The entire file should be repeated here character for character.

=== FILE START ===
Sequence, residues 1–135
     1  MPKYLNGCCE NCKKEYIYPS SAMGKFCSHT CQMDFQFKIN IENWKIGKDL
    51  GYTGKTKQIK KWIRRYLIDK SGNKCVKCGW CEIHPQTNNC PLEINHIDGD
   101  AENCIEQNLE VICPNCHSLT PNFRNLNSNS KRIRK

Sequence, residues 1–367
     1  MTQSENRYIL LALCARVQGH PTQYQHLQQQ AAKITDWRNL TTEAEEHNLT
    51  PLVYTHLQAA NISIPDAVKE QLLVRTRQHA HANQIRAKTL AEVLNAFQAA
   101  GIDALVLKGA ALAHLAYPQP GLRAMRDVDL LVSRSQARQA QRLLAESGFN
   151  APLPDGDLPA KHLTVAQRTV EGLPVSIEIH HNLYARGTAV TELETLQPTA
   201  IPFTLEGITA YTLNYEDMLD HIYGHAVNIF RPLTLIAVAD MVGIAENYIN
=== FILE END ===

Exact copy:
Sequence, residues 1–135
     1  MPKYLNGCCE NCKKEYIYPS SAMGKFCSHT CQMDFQFKIN IENWKIGKDL
    51  GYTGKTKQIK KWIRRYLIDK SGNKCVKCGW CEIHPQTNNC PLEINHIDGD
   101  AENCIEQNLE VICPNCHSLT PNFRNLNSNS KRIRK

Sequence, residues 1–367
     1  MTQSENRYIL LALCARVQGH PTQYQHLQQQ AAKITDWRNL TTEAEEHNLT
    51  PLVYTHLQAA NISIPDAVKE QLLVRTRQHA HANQIRAKTL AEVLNAFQAA
   101  GIDALVLKGA ALAHLAYPQP GLRAMRDVDL LVSRSQARQA QRLLAESGFN
   151  APLPDGDLPA KHLTVAQRTV EGLPVSIEIH HNLYARGTAV TELETLQPTA
   201  IPFTLEGITA YTLNYEDMLD HIYGHAVNIF RPLTLIAVAD MVGIAENYIN